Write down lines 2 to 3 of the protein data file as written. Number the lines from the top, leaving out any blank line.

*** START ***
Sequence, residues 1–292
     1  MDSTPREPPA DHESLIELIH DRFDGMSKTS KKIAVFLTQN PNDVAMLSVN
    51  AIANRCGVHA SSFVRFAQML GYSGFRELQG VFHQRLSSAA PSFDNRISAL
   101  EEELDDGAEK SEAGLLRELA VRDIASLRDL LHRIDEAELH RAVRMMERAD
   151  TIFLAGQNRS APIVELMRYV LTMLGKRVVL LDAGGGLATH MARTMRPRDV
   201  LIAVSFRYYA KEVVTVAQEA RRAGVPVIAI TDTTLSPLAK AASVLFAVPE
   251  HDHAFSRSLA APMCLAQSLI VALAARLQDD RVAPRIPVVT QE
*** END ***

     1  MDSTPREPPA DHESLIELIH DRFDGMSKTS KKIAVFLTQN PNDVAMLSVN
    51  AIANRCGVHA SSFVRFAQML GYSGFRELQG VFHQRLSSAA PSFDNRISAL